Saturday, August 20, 2005

The First Command is No

The first commandment that you ever learn as a child is very simple.  The command is “NO!”.  You probably do not remember learning it, but your parents had to teach it to you nonetheless.  It kept you from killing your foolish self and destroying the property of your parents.

My son is just getting to the stage where he can comprehend what “no” means.  Truthfully, today was the first day I ever saw it register with him.  Let me build up to that very special moment.

Mom was away today on a girl’s only shopping trip in New Orleans.  (I am thankful that I was not invited.)  So, today was dad’s turn to baby-sit.  Basically, that means I played peek-a-boo, threw my son into the air until my back hurt, and I crawled around on the floor with him till my knees were sore.

Here’s how the “no” happened.  I was sitting on the couch finishing the seventh book in the Chronicles of Narnia series when I saw my son pull down a branch of fake heather off of a shelf.  I walked over and put it back on the shelf.  I stood there watching him.  He was smiling up at me and laughing.  I’m dad, right?  I bounce him on my knee.  I play with him.  I let him stay up past nap time.  His smile was innocent.  He had no clue that he’d done anything wrong, and he knows that dad loves him.

Then, he began to reach for the plant again.  I had to check myself from smiling.  I knew that this was going to happen, and if I didn’t want Ethan eating plastic plant, then I had to stop it.

“Ethan, no!”

I said it clearly, and as authoritatively as I knew how.  And for the first time, it worked.  His chubby hand stopped barely an inch from the tempting plant, and his little cherub-like head swiveled to look into my eyes.  I dared not smile.  He had to know that this was serious business.  

As I looked down at him, trying to be a good dad and keep a serious look, I saw that surprise was written all over his sweet face.  Surprise and hurt.  It was all I could do not to pick him up right then and there and take him away from that temptation.  His little lip trembled, and for a moment I thought he was going to cry.

Then he turned his head and looked back at the plastic plant.  The forbidden fruit was within his grasp.  His little fingers began to flex.  I knew what was coming.  I prepared for the “no” that would surely bring anger and tears.

But the hand stopped.  Actually, it hovered near a plastic leaf for a moment and then dropped to the floor.  My son turned, and then crawled over to me laughing.  I was shocked.

I picked him up and gave him a big kiss on the cheek.  I was filled with mixed emotions.  It may seem silly to you, but that was a special moment for me.  I know that at whatever level a nine month old can struggle, Ethan did.  And he hadn’t grabbed that plant.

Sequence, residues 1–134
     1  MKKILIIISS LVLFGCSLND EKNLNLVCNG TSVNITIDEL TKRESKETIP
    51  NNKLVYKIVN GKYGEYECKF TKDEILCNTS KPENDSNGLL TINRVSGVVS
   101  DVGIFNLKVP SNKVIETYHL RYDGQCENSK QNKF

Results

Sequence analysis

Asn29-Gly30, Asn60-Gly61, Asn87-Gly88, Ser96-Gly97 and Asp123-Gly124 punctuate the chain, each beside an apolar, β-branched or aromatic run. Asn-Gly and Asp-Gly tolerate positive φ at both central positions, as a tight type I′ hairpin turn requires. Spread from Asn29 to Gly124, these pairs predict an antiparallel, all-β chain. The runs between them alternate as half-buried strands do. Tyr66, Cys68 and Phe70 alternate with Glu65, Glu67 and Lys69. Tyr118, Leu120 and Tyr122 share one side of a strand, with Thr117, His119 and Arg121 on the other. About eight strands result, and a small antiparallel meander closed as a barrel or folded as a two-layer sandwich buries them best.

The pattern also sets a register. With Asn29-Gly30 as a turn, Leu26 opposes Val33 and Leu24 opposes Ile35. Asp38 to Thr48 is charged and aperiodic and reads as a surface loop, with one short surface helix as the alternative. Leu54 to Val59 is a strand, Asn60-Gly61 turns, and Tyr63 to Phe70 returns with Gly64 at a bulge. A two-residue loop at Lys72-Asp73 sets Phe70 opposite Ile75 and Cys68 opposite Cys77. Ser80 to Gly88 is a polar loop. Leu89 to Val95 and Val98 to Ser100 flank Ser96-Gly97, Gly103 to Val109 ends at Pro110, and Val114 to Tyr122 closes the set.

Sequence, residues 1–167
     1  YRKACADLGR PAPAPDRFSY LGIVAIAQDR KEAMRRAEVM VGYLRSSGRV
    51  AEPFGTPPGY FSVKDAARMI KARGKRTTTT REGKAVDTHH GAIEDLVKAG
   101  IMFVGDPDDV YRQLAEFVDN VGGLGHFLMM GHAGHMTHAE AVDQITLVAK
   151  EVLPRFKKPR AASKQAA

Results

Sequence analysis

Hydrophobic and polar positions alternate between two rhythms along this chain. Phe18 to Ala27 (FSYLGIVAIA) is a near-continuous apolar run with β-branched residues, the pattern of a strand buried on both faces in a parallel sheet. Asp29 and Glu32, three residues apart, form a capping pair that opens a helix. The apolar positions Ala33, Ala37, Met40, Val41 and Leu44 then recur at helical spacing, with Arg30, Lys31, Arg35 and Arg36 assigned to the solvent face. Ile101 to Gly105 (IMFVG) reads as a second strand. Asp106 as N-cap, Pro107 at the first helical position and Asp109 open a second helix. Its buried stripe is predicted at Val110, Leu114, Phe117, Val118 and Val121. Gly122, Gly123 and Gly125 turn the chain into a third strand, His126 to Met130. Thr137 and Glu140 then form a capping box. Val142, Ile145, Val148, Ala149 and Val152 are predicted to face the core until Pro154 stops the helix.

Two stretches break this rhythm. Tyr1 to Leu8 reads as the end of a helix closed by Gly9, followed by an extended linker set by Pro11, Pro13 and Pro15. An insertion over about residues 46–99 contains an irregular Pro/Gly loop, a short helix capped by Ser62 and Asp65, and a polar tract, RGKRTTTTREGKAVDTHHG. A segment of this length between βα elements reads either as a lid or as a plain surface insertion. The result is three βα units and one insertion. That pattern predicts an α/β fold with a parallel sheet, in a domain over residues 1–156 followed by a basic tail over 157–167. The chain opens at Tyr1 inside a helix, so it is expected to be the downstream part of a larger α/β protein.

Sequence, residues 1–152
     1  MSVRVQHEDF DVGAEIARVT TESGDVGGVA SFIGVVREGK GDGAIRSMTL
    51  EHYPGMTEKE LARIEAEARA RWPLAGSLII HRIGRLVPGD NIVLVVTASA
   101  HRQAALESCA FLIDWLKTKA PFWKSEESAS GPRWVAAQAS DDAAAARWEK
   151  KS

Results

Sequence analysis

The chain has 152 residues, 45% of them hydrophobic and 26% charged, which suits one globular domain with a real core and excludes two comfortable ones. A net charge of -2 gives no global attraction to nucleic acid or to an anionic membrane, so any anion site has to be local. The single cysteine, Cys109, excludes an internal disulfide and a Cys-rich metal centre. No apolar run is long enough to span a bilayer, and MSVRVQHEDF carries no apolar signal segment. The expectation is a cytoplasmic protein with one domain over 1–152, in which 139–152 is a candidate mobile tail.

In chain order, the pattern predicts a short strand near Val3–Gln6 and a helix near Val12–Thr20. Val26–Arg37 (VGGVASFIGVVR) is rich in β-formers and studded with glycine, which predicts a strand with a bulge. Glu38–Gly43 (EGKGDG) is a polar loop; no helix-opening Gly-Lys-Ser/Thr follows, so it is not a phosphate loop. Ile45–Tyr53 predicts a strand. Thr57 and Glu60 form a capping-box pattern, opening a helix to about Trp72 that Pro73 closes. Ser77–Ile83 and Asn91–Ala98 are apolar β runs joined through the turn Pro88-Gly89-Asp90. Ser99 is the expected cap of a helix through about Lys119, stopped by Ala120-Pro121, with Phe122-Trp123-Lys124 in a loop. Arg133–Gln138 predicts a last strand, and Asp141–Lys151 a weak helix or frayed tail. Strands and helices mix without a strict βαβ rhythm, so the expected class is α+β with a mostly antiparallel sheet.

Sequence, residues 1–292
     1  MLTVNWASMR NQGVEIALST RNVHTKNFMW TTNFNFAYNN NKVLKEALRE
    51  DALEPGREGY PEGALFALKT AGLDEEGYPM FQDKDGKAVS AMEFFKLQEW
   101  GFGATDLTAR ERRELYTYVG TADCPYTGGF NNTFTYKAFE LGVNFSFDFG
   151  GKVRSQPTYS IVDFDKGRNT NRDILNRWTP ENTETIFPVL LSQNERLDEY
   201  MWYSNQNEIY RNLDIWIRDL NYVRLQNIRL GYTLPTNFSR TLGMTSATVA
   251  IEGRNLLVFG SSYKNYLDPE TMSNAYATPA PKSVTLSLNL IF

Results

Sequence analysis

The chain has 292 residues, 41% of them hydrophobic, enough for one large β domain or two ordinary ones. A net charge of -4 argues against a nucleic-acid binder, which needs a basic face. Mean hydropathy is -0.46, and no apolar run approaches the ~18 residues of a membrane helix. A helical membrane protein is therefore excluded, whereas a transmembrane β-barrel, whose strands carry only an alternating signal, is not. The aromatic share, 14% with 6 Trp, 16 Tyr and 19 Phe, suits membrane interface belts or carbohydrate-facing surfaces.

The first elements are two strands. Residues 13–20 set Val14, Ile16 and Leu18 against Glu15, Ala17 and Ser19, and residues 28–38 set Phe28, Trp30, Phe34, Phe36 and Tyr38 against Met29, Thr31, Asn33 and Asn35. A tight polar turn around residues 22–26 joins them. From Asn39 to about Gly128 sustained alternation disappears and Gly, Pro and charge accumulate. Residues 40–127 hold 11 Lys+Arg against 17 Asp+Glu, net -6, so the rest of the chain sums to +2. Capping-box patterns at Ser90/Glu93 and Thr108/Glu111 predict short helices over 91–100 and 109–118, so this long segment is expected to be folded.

As I held him for a brief moment, some terrible thoughts went through my mind.  One day, God willing, my son will grow up.  He will be reaching for things that he ought not touch:  A woman who is not his wife or pornography that is a click away.  Drugs will be offered to him.  He will be tempted to take things that are not his.  I will not be there to stand over him.  He will be on his own, and all he will have will be the memories of the commands I have given him.

At some point, his desire will override my “no”, which is only an echo of a ‘no’ given long ago.  A ‘no’ given to two people who had more advantages than my son.  They failed the test, and so will he.  He will touch that which he should not.  

In that brief moment I prayed that God would have mercy on my son.  That when his grasp overreached the commandment that he would turn again, and that God would have mercy.  I prayed that he will turn to his Father and find the forgiveness that I have found.

Until that day, I pray that I may be such a parent that my son may fear the Lord and love his father that he may escape some of the hurtful things that I have done.  May the commandments of my Lord keep him as a schoolmaster until the time the day dawns in his heart and the face of Christ shines brightly in his soul.

2 comments:

Anonymous said...

What a great son you have and an awesome father you are. Especially since you let your wife have a shopping day to herself.
Thanks!

Q-tip said...

The statement, "this hurts me more than it does you", has finally come to life for us new parents. Parenting is not easy, but it's an absolute necessity. I pray every day that my daughter will find the Lord at an early age. I believe this is a prayer we should all be praying, even before the conception of our children. God Bless...and good job!!!!!!